This image shows a portion of the New Jersey coast and the location of Panini Bay Restaurant within the Climate Explorer. To explore flood hazards and the potential for inundation from sea level rise in this area, click the image and the Climate Explorer will open in a new browser window. Explore on your own, or return to this window for suggestions for examining and interpreting the map.
Explore the impacts of sea level rise
Within the Climate Explorer's list of layers, check the box to turn on the Inundation from Sea Level Rise (1ft) layer. You'll see a visualization of land areas that will be covered by water during high tides after one foot of sea level rise. Click the i symbol to see the layer's legend.
During high tides, ocean water will be fairly deep over dark blue areas of the map. Only a few inches of sea water will cover the lightest blue areas. Green areas do not have an opening to the ocean, but they will be below the indicated sea level, so they may fill with precipitation or groundwater.
Turn on additional Inundation from Sea Level Rise layers to explore the predicted extent of high tide flooding with progressively higher sea levels. Zoom out or pan to other areas of the map to explore how the coastline will change with sea level rise.
Explore current coastal flood hazards
Turn off all Inundation from Sea Level Rise layers and scroll down in the layer list under Climate Stressors. Turn on the Flood Hazard Zones overlay and display its legend. NOTE: This layer is only visible at neighborhood-scale zoom levels, so you may need to zoom in until it shows on the map. Drag the horizontal bar below the layer's name to adjust its tranparency so you can see the map beneath it.
Blue areas on this map have been designated by the Federal Emergency Management Agency (FEMA) as having 1% Annual Chance for flooding. Another way of saying this is that every location within the zone has a 1 in 100 chance of being flooded in any year. Though people sometimes describe this by saying that a flood could be expected in this zone once every hundred years, this is not the same as a recurrence prediction: "hundred-year" floods can occur at the same location multiple times within a decade. Orange areas on the map lie within the 0.2% Chance Flood Hazard Zone: locations in this zone have a 1 in 500 chance of being flooded in any year.
Where are coastal flooding hazards the greatest?
The Coastal Flood Hazard Composite layer shows the relative hazard of flooding at locations on the map—turn on this layer and display its legend. This overlay shows the total number of flood hazard zone designations (from zero to six) at each point along the coast, as defined in federal datasets compiled by FEMA and NOAA.
The darker the red color at any location on this map, the higher the number of federal datasets that have designated it as being susceptible to flooding. Areas shaded in the darkest red are included in all six federal datasets that identify flood hazard zones. Lighter shades of red and orange indicate areas that are designated as flood zones in two to five of the datasets. Areas shaded in yellow have been designated as a flood zone in just one of the six federal datasets considered.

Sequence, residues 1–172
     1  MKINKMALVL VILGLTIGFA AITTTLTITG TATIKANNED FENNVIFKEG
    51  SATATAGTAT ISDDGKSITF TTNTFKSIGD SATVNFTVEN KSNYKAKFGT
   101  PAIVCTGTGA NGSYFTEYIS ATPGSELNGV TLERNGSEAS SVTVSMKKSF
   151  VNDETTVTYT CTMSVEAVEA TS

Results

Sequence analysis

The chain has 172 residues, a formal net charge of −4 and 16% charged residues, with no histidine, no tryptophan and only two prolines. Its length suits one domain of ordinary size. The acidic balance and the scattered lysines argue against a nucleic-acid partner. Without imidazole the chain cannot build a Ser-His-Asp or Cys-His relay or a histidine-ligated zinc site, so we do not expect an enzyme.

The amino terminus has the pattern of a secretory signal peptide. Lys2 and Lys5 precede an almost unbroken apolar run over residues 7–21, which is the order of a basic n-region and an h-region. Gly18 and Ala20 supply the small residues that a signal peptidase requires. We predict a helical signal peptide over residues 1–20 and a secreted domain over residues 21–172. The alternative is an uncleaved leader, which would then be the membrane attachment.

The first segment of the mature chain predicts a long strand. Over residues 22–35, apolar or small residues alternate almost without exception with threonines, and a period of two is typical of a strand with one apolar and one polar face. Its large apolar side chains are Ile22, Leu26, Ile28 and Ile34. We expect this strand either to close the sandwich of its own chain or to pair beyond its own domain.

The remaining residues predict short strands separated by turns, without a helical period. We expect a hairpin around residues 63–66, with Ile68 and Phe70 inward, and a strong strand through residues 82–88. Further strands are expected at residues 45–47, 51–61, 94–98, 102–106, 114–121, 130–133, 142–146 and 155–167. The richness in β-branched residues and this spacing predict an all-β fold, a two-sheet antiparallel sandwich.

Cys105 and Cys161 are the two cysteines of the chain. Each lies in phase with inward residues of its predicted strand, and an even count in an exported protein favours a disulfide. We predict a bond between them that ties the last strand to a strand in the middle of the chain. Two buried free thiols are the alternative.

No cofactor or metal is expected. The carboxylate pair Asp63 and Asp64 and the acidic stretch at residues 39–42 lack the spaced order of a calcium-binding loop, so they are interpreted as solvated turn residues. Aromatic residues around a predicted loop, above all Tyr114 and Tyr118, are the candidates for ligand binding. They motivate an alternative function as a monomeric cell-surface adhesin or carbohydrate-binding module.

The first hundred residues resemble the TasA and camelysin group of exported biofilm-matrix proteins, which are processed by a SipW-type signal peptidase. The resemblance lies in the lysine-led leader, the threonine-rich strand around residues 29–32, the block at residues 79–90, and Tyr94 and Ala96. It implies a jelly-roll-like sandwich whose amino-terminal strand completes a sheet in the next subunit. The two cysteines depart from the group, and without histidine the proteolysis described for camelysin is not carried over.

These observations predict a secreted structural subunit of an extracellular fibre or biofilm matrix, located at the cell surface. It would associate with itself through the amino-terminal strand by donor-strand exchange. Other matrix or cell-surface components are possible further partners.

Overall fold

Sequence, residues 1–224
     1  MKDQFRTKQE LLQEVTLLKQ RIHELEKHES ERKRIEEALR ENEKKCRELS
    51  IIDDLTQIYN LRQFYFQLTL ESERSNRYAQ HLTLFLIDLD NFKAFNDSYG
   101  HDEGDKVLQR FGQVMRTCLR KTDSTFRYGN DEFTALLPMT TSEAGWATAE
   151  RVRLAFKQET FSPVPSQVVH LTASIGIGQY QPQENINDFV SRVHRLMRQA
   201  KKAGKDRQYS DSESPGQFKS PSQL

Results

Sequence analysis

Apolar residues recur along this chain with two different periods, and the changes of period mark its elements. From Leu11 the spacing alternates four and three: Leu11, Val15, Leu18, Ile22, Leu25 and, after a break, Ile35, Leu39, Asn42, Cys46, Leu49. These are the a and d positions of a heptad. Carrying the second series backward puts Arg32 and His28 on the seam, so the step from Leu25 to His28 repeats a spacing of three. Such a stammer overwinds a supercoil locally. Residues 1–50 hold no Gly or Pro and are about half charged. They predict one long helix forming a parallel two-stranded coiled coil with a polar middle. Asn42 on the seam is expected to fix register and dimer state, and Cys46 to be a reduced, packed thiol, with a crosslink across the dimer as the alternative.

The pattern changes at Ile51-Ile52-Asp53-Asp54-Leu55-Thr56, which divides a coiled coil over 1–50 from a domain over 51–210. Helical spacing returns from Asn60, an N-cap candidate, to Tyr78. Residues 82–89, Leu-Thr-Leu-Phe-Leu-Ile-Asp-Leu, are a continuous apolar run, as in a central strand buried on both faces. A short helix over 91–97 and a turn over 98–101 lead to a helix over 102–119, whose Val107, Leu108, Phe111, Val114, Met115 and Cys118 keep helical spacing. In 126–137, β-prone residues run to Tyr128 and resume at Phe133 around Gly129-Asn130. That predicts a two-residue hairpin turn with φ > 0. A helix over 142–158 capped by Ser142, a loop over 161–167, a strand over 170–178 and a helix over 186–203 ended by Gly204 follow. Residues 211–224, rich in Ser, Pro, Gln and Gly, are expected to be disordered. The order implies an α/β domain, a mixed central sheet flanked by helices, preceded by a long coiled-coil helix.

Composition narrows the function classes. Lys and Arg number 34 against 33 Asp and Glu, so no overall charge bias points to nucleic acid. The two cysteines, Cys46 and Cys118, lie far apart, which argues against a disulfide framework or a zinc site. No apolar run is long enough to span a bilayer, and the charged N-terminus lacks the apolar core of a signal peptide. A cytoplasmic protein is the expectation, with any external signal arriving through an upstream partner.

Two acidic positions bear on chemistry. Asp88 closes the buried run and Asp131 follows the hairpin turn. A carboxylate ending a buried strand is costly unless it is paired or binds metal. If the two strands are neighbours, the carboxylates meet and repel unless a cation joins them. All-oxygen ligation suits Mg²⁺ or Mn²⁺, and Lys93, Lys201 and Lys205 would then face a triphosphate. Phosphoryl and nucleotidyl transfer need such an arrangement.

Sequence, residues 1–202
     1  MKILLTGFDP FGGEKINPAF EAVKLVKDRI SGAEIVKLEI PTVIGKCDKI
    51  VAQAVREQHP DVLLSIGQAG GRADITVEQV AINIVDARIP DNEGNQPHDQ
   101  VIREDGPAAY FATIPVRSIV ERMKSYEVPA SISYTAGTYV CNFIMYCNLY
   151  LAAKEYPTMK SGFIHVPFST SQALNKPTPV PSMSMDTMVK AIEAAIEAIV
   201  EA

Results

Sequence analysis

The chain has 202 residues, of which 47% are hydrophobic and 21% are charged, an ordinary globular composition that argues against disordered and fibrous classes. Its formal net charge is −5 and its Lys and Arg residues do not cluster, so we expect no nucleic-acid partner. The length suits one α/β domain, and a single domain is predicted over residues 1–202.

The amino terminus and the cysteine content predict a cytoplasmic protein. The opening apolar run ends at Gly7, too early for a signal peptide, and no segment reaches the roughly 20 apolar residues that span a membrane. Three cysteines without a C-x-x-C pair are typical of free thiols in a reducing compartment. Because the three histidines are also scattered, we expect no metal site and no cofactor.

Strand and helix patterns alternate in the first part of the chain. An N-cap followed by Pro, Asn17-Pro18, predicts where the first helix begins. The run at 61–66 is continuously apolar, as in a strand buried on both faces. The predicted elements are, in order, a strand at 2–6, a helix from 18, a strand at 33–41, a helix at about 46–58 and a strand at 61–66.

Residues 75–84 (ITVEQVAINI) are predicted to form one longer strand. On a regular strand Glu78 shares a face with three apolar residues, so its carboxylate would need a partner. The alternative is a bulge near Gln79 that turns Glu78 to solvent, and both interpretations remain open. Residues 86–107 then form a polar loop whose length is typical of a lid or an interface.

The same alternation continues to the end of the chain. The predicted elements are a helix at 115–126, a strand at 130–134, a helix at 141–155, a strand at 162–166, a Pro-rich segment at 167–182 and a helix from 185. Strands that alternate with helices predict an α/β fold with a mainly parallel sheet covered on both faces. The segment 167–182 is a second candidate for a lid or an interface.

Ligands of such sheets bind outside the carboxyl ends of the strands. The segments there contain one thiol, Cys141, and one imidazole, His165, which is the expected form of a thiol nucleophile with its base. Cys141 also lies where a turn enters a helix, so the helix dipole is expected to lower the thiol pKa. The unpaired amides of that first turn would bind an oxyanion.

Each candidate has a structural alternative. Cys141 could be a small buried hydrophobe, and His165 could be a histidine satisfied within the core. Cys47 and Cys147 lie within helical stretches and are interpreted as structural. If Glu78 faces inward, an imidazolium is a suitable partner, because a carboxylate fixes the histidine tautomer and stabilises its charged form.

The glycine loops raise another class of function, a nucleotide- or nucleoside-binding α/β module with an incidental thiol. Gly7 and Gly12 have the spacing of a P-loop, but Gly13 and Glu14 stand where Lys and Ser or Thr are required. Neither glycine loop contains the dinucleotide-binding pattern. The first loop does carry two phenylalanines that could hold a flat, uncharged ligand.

Who and what are at risk from coastal flooding?
The lower portion of the layers list offers overlays of People and Assets Impacted by flood hazards. You can explore these to visualize where people live close together (population density), a composite measure of neighborhoods' social vulnerability, the locations of critical facilities and other infrastructure, and land cover such as developed areas, crops, and natural vegetation. To explore them, turn on one of these layers at a time and examine its legend to interpret the map.
You can pair the view of people or assets with one of the flood hazard or inundation from sea level rise layers, and then adjust the transparency slider to look for locations where people and assets intersect with flood hazards.
For instance, a view of the Flood Hazard Zones and Land Cover (2011) layers, with Land Cover set to 50% transparency, reveals that large areas of medium- to high-intensity development along the coast are within the 1% Annual Flood Risk zone. Pairing the Coastal Flood Hazard Composite with the Social Vulnerability Index layer shows that some of the areas in Tuckerton with the highest number of flood hazard designations also have the highest social vulnerability. Sliding the transparency controls back and forth or turning layers on and off can help you visualize conditions where flood hazards exist.
Explore coastal flood hazards at other locations
You can use the same layers and techniques described above to explore flooding hazards at other coastal locations in the contiguous United States (except the Great Lakes). Zoom out and pan to your location of interest on the map and then zoom in again.